Giddyap, let’s go!

Sleigh rides offer a taste of the Old West

Kelly Silva

— Gary and Hattie Yeager have stories of marriage proposals on the sleighs, in the barn and on the deck. They remember wedding parties heading out to their ranch for dinner rehearsals and even fights breaking out on the bus rides to and from the Bar Lazy L Ranch.

“We try to set up something special if we can where the drivers will stop and pretend something is broken while the man proposes,” Hattie said.

As lanterns lead the way through the miles of snow-packed roads on 128 acres for sleigh rides each night, patrons sip on hot drinks and bundle under blankets for a chilly night’s ride.

The trip begins with a bus ride from the mountain and town to the ranch at 6 p.m. on County Road 52.

The horses pull sleighs along the Elk River, through tall cottonwood trees and down across a meadow to the barn for dinner and entertainment with The Yampa Valley Boys or Johnny Harris.

Dinner is steak, chicken or trout with cowboy side dishes and hot beverages.

Whatever the occasion for a sleigh ride at the Bar Lazy L Ranch, Gary Yeager said safety always comes first.

Yeager promises that his drivers are local chariot racers and the horses are gentle and docile.

“They’re prepared for any situation because anything can happen,” Yeager said of his black Percheron horses that enjoy the exercise.

Yeager has three sleds one that seats 25, 16 and another 16 pulled by a team of two horses.

Although Yeager said he likes to keep it small and personal, he typically cooks for at least 40 people a night and sees between 2,500 and 3,000 patrons every winter.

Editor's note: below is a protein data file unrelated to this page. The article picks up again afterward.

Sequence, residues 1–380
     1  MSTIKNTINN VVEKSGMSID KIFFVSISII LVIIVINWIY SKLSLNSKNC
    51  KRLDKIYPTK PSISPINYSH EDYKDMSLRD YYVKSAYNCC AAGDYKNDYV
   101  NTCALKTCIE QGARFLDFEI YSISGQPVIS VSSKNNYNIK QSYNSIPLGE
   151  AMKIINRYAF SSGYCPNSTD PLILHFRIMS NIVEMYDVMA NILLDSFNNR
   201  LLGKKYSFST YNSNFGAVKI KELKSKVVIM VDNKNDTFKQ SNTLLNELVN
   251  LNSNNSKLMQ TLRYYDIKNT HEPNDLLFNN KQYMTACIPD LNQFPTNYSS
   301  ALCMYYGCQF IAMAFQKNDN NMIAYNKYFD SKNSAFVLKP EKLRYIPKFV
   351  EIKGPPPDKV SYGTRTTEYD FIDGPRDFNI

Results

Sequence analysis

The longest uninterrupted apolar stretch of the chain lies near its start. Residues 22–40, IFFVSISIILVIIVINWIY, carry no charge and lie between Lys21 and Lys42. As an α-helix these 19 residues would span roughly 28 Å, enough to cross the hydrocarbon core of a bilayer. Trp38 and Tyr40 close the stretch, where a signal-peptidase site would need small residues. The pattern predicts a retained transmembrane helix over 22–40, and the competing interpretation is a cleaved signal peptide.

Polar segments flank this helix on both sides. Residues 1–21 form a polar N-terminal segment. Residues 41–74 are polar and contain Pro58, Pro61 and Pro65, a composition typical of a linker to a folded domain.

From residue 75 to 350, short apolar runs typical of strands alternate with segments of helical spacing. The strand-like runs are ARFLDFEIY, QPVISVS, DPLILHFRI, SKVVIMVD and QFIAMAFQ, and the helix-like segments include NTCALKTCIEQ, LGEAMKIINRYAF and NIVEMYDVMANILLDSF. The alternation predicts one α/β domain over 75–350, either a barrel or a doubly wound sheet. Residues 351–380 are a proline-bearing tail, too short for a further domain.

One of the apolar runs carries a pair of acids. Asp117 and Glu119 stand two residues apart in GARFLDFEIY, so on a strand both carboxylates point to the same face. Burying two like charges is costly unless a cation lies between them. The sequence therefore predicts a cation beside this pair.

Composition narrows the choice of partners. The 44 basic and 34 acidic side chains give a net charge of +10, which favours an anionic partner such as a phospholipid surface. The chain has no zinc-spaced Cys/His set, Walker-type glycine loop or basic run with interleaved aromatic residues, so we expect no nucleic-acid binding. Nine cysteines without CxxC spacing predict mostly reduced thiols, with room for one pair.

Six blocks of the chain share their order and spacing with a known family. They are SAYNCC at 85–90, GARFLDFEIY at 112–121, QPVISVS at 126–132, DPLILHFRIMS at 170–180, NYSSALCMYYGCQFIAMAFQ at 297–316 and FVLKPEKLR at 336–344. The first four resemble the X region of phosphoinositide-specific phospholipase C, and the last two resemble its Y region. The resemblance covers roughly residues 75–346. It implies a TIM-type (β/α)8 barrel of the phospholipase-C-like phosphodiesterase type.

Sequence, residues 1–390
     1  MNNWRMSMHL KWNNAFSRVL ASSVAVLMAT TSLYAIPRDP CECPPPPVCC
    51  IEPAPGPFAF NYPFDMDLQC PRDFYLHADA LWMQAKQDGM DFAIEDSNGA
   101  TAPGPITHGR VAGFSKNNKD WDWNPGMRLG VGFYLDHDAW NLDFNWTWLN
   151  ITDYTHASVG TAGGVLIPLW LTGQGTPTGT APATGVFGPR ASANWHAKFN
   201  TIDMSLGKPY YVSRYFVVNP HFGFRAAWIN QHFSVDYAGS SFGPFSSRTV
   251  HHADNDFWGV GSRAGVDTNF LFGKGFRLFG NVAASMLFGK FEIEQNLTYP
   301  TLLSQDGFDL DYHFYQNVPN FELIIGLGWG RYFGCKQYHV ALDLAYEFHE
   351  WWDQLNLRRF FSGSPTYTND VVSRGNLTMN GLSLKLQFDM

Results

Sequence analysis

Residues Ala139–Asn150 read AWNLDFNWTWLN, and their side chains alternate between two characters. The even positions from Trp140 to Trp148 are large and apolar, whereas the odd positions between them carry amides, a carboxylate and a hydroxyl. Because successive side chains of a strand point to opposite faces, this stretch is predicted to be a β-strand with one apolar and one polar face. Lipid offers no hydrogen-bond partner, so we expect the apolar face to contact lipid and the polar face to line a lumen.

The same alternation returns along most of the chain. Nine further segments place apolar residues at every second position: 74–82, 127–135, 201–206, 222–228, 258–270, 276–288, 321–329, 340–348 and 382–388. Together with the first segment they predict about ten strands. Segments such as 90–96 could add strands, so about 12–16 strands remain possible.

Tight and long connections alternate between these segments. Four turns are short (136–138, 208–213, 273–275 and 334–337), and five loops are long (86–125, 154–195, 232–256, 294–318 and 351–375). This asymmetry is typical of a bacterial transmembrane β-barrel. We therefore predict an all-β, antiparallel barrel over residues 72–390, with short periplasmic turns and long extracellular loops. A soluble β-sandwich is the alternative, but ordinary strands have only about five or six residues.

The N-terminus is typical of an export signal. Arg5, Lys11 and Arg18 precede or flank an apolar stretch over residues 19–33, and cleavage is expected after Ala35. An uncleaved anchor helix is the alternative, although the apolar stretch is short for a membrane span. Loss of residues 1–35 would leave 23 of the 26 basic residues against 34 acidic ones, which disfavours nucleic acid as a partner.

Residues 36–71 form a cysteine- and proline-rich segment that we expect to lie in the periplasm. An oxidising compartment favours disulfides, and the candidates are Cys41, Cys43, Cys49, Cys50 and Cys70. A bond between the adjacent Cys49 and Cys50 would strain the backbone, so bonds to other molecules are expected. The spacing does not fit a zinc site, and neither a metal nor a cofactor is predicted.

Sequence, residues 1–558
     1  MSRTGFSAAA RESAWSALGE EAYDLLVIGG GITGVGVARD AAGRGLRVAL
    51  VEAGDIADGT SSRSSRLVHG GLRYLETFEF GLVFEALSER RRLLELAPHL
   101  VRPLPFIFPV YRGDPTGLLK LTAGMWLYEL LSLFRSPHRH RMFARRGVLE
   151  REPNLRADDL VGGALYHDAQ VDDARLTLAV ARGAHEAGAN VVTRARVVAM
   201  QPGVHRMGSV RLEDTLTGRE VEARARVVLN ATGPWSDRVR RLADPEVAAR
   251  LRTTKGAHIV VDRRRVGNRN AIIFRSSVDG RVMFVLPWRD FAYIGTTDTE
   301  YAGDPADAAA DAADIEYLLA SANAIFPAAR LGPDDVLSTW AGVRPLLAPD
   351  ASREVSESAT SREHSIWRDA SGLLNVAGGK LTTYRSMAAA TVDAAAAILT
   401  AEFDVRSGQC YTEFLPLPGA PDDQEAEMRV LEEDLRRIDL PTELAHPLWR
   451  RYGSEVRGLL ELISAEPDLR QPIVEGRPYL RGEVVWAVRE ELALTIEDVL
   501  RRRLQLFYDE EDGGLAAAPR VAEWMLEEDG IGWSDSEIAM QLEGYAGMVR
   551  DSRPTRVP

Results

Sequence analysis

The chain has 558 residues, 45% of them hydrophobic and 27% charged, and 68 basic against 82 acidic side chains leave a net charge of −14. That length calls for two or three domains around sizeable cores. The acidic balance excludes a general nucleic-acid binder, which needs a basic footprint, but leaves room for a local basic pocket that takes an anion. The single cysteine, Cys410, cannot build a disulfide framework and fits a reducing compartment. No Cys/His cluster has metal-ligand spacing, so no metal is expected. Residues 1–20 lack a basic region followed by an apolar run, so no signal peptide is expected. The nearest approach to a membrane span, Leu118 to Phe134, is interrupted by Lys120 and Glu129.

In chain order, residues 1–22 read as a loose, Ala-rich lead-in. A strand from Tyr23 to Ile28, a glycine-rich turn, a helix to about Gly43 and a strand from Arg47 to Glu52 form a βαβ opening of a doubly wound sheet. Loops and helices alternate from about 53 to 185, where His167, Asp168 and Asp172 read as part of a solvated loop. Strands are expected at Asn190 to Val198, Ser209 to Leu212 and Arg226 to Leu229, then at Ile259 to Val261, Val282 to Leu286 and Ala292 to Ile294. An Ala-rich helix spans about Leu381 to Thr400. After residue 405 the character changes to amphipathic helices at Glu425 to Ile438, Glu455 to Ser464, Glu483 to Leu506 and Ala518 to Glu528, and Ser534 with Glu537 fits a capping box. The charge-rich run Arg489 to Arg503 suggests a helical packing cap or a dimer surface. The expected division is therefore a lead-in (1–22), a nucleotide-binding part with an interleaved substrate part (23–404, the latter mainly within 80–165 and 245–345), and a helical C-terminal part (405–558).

“For the month of December, 85 percent were locals. That must say something,” Yeager said.

For 16 nights in a row, the Yeagers have fed, entertained and shown visitors and locals an old western sleigh ride.

“We have robes to cover but dress as if you’re going skiing. The barn is heated,” the Yeagers said. “We get people with high heels and tennis shoes on. They must go skiing in awfully funny stuff.”

Yeager said he does not tell people how cold it is but allows them to just enjoy the ride. Only in the heated barn will you know the outside temperature.

“On a cold night it’s too far, on a warm night it’s too short,” Yeager said of the irony. When it’s 20 degrees below no one minds, but when it’s zero degrees, people are freezing. Yeager said it all depends on the moisture in the air.

The Yeagers bought the sleigh equipment from All Seasons when it was going out of business and said they remember when sleigh rides first began in 1964.

Bill Hillard, owner at the time, took visitors on a sleigh ride. The only thing missing was food, Yeager said, remembering the story.

“So the next night he stopped and built a fire and cooked them hot dogs,” Yeager said of the sleigh rides around Mount Werner before there were condominiums and houses.

Hattie said many people have never seen the stars and sky where they live and think Steamboat actually has different stars than many of them do.

Other ranches in town include:

Wanda Hawes, co-owner of the Dutch Creek Guest Ranch, said her sleigh rides are different because of the sit-down, restaurant-style dinner provided. Although no entertainment is provided, Hawes said hot chocolate and hot cider is available in the lodge before the ride with a classy dinner and background music after.

Dutch Creek has two nightly rides at 4 and 6 p.m. Hawes said the entire evening is about four hours with the sleigh ride through meadows and trees lasting about a half-hour. Dutch Creek provides menu items from salmon to barbecue ribs and a variety of side dishes.

“We have beautiful views of Steamboat Lake and the Zirkels in a great lodge atmosphere,” Hawes said.